Spike in suicide rate in Europe and US linked to financial crisis

UK registered 300 deaths above the expected rate in 2009, after start of crisis

Public ‘unaware’ of care-home costs - and of probability they will need care themselves

People in Britain are “oblivious” to the cost of adult care and the likelihood of their own need for care in the future, a report warns today.

Gavin Henson, left, grew steadily more influential on his first start for Bath

Gavin Henson capitalises on Bath’s display of coaching strength

Bath’s high-profile coaching group led by Gary Gold arrived midway through 2012, so by necessity they spent last season, when the Rec crew finished seventh out of 12 in the Premiership, juggling their predecessors’ resources. Not any more. As Matt Banahan, the scorer of Bath’s second try in Saturday’s 27-20 win over Leicester, put it: “You have always got a settling in period with coaches and with players. Coaches obviously want their squad and the players they want to come in, and sometimes they are working with players when they would rather have different ones. So this year we have had that teething out of the way and we have got a squad we want to build on.”

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Netherlands' goalkeeper Tim Krul fails to make a save from Costa Rica's midfielder Celso Borges during a penalty shoot-out in the quarter-final between Netherlands and Costa Rica during the 2014 FIFA World Cup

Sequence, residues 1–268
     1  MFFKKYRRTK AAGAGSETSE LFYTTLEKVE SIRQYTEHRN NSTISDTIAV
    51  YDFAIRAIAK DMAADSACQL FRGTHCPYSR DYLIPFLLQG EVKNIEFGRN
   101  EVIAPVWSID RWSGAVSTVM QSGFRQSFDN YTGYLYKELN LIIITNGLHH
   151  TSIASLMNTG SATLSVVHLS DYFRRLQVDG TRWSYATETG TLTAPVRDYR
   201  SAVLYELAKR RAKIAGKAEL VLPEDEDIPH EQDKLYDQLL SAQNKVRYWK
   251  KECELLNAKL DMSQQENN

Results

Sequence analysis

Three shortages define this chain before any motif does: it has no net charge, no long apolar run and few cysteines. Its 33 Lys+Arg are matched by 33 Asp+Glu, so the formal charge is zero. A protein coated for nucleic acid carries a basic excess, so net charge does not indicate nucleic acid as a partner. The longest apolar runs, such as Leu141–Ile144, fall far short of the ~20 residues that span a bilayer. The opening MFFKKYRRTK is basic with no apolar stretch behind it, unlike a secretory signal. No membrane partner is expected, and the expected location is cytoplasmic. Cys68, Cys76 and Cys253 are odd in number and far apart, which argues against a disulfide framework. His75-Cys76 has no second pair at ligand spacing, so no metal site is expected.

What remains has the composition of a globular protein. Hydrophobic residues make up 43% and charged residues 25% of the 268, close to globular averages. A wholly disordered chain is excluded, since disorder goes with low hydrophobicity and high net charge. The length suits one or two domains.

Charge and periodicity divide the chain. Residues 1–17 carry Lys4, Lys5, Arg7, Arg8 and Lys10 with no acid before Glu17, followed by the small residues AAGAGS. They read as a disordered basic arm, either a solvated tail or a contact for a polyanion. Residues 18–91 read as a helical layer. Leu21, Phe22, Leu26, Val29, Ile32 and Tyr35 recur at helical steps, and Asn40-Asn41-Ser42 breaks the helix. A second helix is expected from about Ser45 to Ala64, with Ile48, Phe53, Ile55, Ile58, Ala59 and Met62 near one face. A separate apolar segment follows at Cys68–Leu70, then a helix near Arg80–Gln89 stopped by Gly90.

newsGoalkeepers suffer from 'gambler’s fallacy' during shoot-outs
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Arts and Entertainment
Standing the test of time: Michael J Fox and Christopher Lloyd in 'Back to the Future'
filmReview: A week late, Secret Cinema arrives as interactive screening goes Back to the Future
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Chancellor George Osborne, along with the Prime Minister, have been 'complacently claiming the economy is now fixed', according to shadow Chancellor Ed Balls
i100... which is awkward, because he is their boss, after all
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Sydney and Melbourne are locked in a row over giant milk crates
artCultural relations between Sydney and Melbourne soured by row over milk crate art instillation
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Adèle Exarchopoulos and Léa Seydoux play teeneage lovers in the French erotic drama 'Blue Is The Warmest Colour' - The survey found four times as many women admitting to same-sex experiences than 20 years ago
filmBlue Is The Warmest Colour, Bojack Horseman and Hobbit on the way
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Preparations begin for Edinburgh Festival 2014
Edinburgh festivalAll the best shows to see at Edinburgh this year
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Day In a Page

Burgundy, the River Rhone & Provence – MS Swiss Corona - seven nights from £999pp
Lake Maggiore, Orta and the Matterhorn – seven nights from £899pp
Sicily – seven nights from £939pp
Pompeii, Capri and the Bay of Naples - seven nights from £799pp
Istanbul Ephesus & Troy – six nights from £859pp
Mary Rose – two nights from £319pp
Dress the Gaza situation up all you like, but the truth hurts

Robert Fisk on Gaza conflict